This is a moment for shared responsibility in America. Investors, lenders, and homeowners all have a part to play and sacrifices to make. If the agreement is inadequate, or the talks fail outright, the cost to our economy will only increase.
For this “crisis conference” to succeed, Wall Street must be on board. Wall Street has a responsibility for the past as well as an enormous stake in the future. So today, I’m calling on investors who control the mortgages that need modifying to be part of the solution. You are at the end of a long chain of decision-making and responsibility. But without your cooperation, a voluntary solution can be of limited effectiveness.
I urge Wall Street and the mortgage industry to voluntarily agree to the following three steps:
First, we need a moratorium of at least 90 days on foreclosures of subprime, owner-occupied homes. The moratorium will stop foreclosures until lenders and servicers have contacted borrowers and frozen mortgage rates. It will also give financial counselors time to work with families.
Second, we need to freeze the monthly rate on subprime adjustable rate mortgages, with the freeze lasting at least five years until the mortgages have been converted into affordable, fixed-rate loans.
A rate freeze is critical. An average of $30 billion in loans will reset each month next year, and the average reset will increase monthly payments by 30 to 40 percent. These rate resets are the major driver of the foreclosure costs.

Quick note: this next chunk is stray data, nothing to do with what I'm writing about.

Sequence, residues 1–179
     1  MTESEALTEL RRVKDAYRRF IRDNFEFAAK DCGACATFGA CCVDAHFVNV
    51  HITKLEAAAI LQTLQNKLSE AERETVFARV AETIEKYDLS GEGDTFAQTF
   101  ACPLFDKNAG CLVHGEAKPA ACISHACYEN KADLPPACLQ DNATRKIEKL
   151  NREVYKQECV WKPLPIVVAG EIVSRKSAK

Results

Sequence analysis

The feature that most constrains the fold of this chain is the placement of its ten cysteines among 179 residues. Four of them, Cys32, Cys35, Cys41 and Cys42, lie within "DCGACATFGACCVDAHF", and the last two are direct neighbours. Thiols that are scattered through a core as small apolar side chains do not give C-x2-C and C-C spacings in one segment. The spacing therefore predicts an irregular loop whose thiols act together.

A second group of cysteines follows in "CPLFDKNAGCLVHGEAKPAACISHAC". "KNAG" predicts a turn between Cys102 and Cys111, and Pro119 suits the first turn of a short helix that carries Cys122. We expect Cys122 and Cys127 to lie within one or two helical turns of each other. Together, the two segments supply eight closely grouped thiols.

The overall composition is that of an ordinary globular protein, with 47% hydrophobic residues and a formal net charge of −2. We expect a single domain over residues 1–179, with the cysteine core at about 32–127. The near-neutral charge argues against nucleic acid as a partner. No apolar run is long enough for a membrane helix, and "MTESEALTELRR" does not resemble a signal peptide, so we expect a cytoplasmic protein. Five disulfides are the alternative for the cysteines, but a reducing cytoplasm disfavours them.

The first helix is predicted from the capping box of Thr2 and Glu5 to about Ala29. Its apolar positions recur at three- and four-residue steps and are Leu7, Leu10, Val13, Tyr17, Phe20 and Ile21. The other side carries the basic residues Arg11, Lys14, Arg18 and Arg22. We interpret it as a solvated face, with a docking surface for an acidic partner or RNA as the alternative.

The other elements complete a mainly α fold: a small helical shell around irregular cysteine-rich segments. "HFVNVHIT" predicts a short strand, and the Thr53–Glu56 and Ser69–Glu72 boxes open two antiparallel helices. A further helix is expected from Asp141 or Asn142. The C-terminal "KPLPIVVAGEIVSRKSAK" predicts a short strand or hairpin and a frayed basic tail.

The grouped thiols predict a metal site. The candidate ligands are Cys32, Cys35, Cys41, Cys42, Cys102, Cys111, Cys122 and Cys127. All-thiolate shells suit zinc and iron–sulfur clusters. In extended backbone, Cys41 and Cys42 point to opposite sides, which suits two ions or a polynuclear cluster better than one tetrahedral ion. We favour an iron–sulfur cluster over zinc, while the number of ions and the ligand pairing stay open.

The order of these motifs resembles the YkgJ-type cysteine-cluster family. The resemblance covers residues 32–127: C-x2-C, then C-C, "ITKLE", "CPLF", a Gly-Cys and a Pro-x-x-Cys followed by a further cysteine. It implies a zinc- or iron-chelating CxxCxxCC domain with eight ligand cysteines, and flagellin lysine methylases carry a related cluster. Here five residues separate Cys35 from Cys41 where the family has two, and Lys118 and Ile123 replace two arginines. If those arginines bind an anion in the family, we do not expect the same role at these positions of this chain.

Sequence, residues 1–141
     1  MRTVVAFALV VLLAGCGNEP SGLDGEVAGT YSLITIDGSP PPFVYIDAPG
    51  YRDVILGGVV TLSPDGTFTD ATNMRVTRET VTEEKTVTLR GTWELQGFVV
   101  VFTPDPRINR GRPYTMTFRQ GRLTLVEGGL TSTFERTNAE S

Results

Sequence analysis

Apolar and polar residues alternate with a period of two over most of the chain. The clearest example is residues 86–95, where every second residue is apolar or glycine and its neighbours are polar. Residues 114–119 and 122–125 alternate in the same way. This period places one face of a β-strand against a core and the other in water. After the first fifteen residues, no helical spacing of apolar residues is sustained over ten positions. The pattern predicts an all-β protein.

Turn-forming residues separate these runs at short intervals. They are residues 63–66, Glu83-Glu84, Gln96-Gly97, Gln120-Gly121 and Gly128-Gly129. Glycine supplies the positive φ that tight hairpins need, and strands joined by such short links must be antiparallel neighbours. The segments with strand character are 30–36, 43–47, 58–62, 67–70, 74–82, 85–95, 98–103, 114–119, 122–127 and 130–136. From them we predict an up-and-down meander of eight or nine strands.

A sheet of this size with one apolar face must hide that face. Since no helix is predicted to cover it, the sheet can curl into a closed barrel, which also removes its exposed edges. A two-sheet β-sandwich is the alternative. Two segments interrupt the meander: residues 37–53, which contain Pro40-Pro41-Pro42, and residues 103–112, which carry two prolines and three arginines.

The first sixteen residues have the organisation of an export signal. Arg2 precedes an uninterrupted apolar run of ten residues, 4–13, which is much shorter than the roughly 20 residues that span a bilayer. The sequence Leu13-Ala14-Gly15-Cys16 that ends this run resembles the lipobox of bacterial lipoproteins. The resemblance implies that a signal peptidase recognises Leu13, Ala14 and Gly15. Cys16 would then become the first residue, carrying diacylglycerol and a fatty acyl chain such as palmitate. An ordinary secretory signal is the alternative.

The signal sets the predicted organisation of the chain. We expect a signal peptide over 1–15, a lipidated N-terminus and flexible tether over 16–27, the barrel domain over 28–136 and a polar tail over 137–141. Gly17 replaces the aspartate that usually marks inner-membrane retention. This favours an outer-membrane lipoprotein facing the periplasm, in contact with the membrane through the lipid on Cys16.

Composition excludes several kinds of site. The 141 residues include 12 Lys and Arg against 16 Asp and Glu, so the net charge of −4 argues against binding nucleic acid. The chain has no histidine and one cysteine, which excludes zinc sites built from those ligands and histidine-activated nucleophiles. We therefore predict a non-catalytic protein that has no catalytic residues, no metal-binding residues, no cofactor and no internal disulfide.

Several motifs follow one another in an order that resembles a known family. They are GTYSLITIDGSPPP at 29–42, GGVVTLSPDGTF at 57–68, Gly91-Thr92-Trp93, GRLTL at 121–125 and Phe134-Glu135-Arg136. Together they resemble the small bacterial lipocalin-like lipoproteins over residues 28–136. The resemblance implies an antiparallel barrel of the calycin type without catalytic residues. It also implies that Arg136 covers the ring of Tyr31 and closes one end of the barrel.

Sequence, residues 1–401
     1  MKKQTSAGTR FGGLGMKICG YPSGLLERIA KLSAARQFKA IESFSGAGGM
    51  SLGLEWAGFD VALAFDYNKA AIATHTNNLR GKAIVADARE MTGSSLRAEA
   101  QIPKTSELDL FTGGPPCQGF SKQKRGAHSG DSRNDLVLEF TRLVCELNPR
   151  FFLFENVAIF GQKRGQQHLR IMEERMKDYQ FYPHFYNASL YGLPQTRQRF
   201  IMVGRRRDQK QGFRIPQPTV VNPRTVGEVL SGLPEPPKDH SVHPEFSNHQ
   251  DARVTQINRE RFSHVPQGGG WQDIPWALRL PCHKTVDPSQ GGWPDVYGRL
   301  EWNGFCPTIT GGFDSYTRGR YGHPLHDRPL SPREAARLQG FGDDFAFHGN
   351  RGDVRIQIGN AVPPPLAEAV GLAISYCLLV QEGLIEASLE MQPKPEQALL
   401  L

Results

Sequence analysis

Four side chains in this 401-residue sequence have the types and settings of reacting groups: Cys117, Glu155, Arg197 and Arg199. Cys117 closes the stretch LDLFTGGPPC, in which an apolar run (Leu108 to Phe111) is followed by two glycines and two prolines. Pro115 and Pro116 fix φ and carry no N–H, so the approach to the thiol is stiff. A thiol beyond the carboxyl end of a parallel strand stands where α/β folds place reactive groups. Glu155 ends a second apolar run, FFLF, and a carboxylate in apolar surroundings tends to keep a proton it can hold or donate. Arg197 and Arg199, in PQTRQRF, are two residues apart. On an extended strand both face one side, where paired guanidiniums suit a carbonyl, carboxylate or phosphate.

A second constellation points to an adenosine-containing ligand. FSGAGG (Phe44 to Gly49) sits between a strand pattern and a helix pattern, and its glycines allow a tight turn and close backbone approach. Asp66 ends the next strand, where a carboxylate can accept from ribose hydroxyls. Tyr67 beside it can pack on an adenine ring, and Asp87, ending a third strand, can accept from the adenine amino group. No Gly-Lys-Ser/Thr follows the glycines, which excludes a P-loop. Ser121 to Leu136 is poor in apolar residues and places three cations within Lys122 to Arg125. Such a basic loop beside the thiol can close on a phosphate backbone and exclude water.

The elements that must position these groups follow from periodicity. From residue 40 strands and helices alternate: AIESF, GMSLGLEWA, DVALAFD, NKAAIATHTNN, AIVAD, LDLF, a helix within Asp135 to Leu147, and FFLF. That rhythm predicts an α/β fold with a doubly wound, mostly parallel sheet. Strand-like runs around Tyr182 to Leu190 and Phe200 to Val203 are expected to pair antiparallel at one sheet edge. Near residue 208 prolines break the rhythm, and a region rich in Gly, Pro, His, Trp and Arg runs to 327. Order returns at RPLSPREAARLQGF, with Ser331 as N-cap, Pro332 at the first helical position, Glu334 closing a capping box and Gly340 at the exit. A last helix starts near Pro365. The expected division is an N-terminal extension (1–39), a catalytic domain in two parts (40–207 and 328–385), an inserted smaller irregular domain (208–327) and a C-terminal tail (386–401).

The long rate-freeze will give the housing market time to stabilize. It will give families an opportunity to rebuild equity in their homes. It will also give the mortgage industry the time – and incentive – to convert mortgages that were designed to fail into loans that actually can be repaid.
Third, the mortgage industry must provide status reports on the number of mortgages it is modifying. Accountability is essential. Despite all the media coverage, despite all the hearings, despite the Secretary of the Treasury, despite all that has gone on in the last 30 to 60 days, the mortgage industry has only modified about 1 percent of at-risk mortgages this year. That’ is simply not enough.
Now, I hope everyone will voluntarily agree to these steps, because we cannot fail at this. The costs are just too high.
If we cannot reach a voluntary agreement, I will consider legislation to address the problem. Mortgage servicers can work with borrowers to modify their mortgages. In the process, they can save families their homes, save investors from losses down the road, and help the economy.